April 20, 2021

01

Lenten Rose 02 Oil Paint Rendered — Charlotte, North Carolina
If you are not essentially happy
with yourself and your way with life,
you need to transform your relationship
with the way things are.

If you think you are not happy enough,
think that you ought to be more happy
than you are,
spend time thinking about your level
of unhappiness
and your desire to be happier,
you need to transform your relationship
with the way things are.

If you are thinking that no one could be happy
in a stinking old life like yours is,
living where you do,
with chances that alternate between fat and slim,
and prospects that are even worse than that,
you need to transform your relationship
with the way things are.

Specifically, you need to stop thinking 
that your happiness is dependent upon
and flows from the way things are,
and start thinking that your happiness
is dependent upon 
and flows from the way you think
about the way things are.

Change your way of thinking
and you improve your happiness quotient 
just like that (snaps fingers).

Step #1 is to stop thinking at all.

In order to do that,
we first have to slow our thinking down.
We do that by thinking about our thinking.
Sit still.
Be quiet.
Watch your thoughts.
Count the thoughts you have
over a span of sixty seconds.
This will be your reference marker.

Continue to watch your thoughts
and categorize them--
and as you categorize them,
notice what emotions are connected with them.
Which categories of thought
create,
or come with what emotions attached to?
Notice the instantaneous connection
between thoughts and emotions.

Become curious about that.
About the relationship between thoughts
and emotions.

What are your predominant emotions
throughout each day?
What thoughts generate those emotions?

Take up the work of separating
thoughts from emotions.
Practice having thoughts with no emotions attached.
Notice how changing your thoughts
changes your emotions.
Think of your breathing--
count your breaths to ten,
and start over if you think about something else,
and notice how your emotions change
just by focusing on your breathing,
paying attention to your breath,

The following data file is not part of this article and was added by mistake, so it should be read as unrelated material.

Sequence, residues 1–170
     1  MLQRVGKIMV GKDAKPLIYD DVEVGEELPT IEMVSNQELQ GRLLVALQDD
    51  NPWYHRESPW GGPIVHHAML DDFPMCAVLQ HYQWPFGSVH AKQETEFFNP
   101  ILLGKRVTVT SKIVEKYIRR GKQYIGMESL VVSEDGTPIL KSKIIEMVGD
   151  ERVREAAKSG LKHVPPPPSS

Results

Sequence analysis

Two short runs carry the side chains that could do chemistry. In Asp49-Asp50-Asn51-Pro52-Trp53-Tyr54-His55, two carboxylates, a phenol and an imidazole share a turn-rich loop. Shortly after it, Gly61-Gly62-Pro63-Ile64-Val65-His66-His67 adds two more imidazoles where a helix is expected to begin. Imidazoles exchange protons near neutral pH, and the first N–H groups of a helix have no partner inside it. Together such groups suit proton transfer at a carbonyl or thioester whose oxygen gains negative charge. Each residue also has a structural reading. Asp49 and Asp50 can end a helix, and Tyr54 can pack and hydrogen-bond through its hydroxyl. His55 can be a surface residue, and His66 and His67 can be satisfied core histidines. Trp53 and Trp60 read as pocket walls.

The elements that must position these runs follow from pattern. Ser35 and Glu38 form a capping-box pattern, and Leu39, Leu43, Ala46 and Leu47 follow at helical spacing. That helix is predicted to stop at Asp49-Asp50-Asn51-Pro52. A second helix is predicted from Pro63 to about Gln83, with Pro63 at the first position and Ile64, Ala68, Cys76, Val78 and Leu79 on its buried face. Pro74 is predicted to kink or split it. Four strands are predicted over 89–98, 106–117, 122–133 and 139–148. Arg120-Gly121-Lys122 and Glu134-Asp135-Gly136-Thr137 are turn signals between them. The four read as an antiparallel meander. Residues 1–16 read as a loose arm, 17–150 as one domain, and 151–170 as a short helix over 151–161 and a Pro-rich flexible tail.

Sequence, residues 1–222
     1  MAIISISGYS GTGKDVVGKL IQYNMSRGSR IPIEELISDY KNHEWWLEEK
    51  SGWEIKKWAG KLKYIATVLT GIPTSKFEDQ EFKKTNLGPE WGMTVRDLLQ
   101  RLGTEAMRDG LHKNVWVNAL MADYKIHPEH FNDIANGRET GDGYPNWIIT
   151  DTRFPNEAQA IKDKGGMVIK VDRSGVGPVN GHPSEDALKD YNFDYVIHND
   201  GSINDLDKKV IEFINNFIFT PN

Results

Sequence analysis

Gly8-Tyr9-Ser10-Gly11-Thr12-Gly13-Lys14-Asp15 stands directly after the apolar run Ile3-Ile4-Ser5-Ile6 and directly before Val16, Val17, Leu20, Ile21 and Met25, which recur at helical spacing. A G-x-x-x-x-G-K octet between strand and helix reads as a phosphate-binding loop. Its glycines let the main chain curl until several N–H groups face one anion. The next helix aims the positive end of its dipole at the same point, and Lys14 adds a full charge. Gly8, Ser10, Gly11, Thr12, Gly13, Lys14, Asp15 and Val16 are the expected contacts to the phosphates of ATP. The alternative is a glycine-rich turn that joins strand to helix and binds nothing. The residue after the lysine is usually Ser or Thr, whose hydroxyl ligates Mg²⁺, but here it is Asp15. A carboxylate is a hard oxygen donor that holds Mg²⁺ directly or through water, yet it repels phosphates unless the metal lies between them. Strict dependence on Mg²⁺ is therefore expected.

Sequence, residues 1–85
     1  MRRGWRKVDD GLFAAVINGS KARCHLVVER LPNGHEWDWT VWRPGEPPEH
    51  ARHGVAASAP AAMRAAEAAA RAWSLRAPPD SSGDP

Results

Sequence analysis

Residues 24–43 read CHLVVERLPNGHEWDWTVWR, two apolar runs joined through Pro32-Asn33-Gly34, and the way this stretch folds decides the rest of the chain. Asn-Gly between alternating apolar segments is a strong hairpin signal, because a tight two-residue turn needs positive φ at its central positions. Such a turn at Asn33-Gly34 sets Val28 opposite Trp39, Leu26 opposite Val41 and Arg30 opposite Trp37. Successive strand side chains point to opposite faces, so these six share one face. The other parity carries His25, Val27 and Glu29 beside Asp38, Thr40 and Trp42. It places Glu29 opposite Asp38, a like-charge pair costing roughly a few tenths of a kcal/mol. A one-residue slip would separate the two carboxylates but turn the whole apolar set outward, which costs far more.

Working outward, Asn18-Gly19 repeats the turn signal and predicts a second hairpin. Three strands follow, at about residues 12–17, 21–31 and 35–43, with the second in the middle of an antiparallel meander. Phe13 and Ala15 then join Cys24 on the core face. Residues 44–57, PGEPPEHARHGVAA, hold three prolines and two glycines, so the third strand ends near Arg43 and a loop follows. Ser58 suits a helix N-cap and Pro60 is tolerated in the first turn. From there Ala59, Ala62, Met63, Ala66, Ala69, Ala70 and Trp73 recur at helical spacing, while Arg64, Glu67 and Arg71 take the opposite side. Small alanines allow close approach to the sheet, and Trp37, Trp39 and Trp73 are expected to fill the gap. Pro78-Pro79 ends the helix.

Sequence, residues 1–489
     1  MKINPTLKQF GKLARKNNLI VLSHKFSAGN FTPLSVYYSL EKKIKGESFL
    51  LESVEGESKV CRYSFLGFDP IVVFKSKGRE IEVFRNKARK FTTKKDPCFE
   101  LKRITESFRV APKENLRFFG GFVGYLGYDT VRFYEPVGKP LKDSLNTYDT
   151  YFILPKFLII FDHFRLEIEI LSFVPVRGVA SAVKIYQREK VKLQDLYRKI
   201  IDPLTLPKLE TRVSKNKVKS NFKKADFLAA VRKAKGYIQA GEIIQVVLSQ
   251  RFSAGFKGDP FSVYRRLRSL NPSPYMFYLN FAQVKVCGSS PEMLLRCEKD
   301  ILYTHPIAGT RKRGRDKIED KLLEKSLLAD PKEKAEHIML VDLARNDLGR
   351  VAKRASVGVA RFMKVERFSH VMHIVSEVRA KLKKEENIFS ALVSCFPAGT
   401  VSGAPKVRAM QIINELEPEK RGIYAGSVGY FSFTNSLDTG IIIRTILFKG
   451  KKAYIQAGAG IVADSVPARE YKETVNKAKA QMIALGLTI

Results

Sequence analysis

and counting the breaths you take.

Notice how when you are not in the grip of emotions,
when your emotional level drops to nothing,
the default, residual, emotion is peace.

Peace is the absence of emotion,
and the foundation of happiness.
And it is strictly dependent upon
the type of thinking you do.

Step #2 is to think without judgment or opinion.

Think about the things that stir you to intense emotion.
And think about separating your thoughts
from your emotions.
Think the thoughts without judgment or opinion.
Do not judge or form opinions about having the thoughts.
Think them with no judgment or opinion at all,
on any level.

Take up the practice of thinking without judgment or opinion.
Think neutrally.
Think without taking sides.
Think without being shanghaied, 
kidnapped 
and held hostage
by your thoughts.
Think without judgment or opinion.

And let peace like a river carry you away
from the intensity of emotional involvement
with your thoughts
to the blessed place of having thoughts without 
emotions attached.

The more you practice separating your thoughts
from emotions,
the more peace you will experience
and the happier you will be.

The more you give yourself over to emotional thinking,
the less peace you will have
and the more unhappy you will be.

The Jon Kabat-Zinn YouTube videos
(Shortest ones first)
on Mindfulness Based Stress Reductiopn
are excellent sources
for learning to distance yourself
from your thinking
and from the emotions your thinking arouse. 

At this point in the program,
I turn you over to you.

Published by jimwdollar

I'm retired, and still finding my way--but now, I don't have to pretend that I know what I'm doing. I retired after 40.5 years as a minister in the Presbyterian Church USA, serving churches in Louisiana, Mississippi and North Carolina. I graduated from Austin Presbyterian Theological Seminary, in Austin, Texas, and Northwestern State University in Natchitoches, Louisiana. My wife, Judy, and I have three daughters and five granddaughters within about twenty minutes from where we live--and are enjoying our retirement as much as we have ever enjoyed anything.

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